Nursing home hirings
- 1Nov 17, '11 by NEXTLOVERHello guys. I have a question regarding nursing home (LTC) hirings. Specifically, HOW to go about them. I'm about to graduate from an RN-BSN program and I've been working part-time at a nursing home. I plan on moving back home (another state) post-graduate next year. I want to continue working in LTC facilities.
My question is if I don't have a nurse manager's number on hand or an HR depart. one either, will just walking into a facility and explaining my goal to the person be enough? So I'm just literally going in without any notice.
Are there better ways to go about this? I've noticed that most LTC facilities don't advertise hirings like hospitals do, so there isn't a "point person/number" to call to give a forewarning.
Any suggestions will be greatly appreciated! Esp. for the new grads. that have had luck in getting these job positions, let me know how you found out about the openings.
Thanks in advance
- 2Nov 17, '11 by agldragonRN Guidewhy not search the area for ltc facilities and give them a call and ask if they are hiring or if you can come and fill-up an application? it is easier to get an ltc job than a hospital job.
kudos to you for wanting to work ltc! :d
- 1Nov 17, '11 by TankwetiWhen I got my first LTC job, I had an application that I had had for months from a job fair they had held. I called and asked if they were still hiring and was transferred to the DON, who invited me in for an interview. We hit it off and I was hired on the spot. However, with the glut of inexperienced new grads, alot of nursing homes in my area no longer accept new grads and instead want people with 1-2 years acute care experience. The reason for this is that they expect to put an RN immediately into a charge nurse position over LPN's and aides. That was always the case, of course, but now nursing homes have more options re:glut of new grads but realistically less options because they are looking for experience just like everyone else.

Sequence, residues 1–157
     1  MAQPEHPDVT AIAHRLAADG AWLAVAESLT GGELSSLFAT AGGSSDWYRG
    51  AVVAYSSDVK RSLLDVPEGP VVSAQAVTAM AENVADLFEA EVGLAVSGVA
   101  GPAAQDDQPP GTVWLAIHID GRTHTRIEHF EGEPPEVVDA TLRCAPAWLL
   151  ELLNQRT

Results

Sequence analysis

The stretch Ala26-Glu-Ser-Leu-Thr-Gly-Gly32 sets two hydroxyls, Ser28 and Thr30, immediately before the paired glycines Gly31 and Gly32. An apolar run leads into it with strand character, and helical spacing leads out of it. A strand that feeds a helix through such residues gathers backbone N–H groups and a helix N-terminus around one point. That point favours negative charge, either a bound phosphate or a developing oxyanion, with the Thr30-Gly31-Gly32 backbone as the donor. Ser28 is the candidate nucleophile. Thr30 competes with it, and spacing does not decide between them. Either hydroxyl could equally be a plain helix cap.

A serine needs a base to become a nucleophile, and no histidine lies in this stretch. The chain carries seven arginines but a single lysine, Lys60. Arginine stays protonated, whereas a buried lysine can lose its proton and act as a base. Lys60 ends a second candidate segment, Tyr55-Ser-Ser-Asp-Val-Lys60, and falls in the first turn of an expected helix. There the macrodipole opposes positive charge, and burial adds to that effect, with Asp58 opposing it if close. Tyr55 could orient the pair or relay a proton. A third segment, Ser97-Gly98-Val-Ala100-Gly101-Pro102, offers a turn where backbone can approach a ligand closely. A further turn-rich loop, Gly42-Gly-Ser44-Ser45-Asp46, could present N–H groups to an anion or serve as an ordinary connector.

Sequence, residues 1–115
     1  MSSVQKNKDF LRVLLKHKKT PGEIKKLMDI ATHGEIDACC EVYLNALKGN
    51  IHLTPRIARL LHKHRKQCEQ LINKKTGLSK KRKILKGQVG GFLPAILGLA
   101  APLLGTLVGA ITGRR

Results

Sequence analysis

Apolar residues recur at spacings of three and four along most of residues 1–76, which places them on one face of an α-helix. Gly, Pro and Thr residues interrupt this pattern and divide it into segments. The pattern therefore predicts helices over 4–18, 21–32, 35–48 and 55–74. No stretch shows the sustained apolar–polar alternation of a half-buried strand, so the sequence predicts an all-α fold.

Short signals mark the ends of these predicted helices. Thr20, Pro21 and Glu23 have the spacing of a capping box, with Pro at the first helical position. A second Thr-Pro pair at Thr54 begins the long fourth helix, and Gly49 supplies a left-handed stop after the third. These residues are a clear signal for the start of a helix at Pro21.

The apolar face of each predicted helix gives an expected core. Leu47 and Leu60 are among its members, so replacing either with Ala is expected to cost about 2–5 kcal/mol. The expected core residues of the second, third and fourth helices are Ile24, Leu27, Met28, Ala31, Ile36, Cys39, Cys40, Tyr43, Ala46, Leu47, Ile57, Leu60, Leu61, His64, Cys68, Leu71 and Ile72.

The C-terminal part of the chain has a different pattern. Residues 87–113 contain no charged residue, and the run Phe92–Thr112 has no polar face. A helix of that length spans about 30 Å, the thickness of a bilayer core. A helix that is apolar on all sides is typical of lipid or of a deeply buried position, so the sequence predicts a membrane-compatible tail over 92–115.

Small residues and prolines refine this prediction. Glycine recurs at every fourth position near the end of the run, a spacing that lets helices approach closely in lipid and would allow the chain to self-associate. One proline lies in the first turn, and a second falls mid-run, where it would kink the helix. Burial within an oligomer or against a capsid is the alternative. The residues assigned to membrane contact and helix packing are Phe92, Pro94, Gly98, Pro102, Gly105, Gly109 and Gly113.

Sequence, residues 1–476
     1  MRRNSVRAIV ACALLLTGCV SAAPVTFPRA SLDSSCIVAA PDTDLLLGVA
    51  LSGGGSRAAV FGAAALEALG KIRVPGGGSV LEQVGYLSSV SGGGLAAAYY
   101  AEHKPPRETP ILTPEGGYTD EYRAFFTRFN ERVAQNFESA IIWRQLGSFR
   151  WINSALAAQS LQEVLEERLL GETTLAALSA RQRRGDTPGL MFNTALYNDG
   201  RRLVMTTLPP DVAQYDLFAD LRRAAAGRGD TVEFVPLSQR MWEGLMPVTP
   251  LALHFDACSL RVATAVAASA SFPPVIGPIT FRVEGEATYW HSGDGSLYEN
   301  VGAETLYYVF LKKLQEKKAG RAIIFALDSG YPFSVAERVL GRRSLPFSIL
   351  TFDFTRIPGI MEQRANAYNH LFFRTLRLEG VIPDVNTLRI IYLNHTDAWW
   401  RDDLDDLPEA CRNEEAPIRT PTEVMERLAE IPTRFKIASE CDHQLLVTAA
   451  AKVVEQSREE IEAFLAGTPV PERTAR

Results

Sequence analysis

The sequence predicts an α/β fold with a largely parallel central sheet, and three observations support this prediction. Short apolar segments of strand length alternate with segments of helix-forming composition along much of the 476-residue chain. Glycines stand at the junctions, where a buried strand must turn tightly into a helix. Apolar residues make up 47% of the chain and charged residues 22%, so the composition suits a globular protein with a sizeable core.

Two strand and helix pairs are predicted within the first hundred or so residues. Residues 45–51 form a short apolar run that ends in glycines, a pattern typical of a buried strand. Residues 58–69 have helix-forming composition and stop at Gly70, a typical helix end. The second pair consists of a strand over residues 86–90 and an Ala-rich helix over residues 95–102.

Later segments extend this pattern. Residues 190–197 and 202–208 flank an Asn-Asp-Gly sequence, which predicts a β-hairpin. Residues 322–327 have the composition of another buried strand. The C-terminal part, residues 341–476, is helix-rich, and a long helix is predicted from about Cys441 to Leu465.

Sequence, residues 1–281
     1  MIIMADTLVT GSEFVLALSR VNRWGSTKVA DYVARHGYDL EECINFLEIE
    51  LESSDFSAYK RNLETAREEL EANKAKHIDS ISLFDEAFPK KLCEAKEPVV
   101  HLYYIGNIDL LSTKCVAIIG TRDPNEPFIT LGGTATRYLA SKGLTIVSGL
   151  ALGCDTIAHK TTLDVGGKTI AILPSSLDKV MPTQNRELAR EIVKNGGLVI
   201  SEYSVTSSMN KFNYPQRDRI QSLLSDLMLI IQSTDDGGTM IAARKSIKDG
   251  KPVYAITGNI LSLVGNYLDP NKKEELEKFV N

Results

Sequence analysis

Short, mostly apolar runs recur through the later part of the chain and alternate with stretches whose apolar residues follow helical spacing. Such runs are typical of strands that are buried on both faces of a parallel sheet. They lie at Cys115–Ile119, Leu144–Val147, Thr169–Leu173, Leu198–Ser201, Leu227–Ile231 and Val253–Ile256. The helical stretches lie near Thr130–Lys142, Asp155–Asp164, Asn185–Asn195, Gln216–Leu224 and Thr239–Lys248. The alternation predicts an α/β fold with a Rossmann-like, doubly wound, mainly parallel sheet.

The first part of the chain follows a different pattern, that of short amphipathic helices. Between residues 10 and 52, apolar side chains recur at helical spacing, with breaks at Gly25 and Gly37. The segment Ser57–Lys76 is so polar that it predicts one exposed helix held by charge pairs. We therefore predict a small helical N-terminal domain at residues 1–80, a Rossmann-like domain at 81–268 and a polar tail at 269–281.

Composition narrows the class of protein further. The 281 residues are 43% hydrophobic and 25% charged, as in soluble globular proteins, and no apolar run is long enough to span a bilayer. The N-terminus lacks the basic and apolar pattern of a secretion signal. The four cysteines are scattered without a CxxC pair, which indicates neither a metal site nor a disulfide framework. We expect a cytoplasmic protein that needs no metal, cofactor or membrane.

- 2Nov 17, '11 by shaunamarslanLook up a list and do some research online about LTC's with good ratings /minimal deficiencies and walk in with your resume in hand. Ask the receptionist to grab the DON for a minute and simply introduce yourself and have a mini interview. I have done this 3 times now and have been hired on the spot when there were no advertised job openings each time
- 0Nov 18, '11 by NEXTLOVERThanks so much you guys! Yeah, I think calling may be the first step. But I might also do the "put on a suite and grab the resume!" strategy, too, just in case.
agldragonRN - Thanks! LOL. I know it's not really the "norm" in wanting to work in LTC, but for some reason, I LOVE THE ATMOSPHERE. Maybe it's my love of taking care of the elderly? But this is definitely where my future lies. I plan on becoming an NP - Gerontology.
merlee - Oooh, the yellowpages tactic. I think this might be the "first step." Then if all else fails, I might do the "drive around from facility to facility" strategy. Thank you for the suggestion; never would've thought of it lol!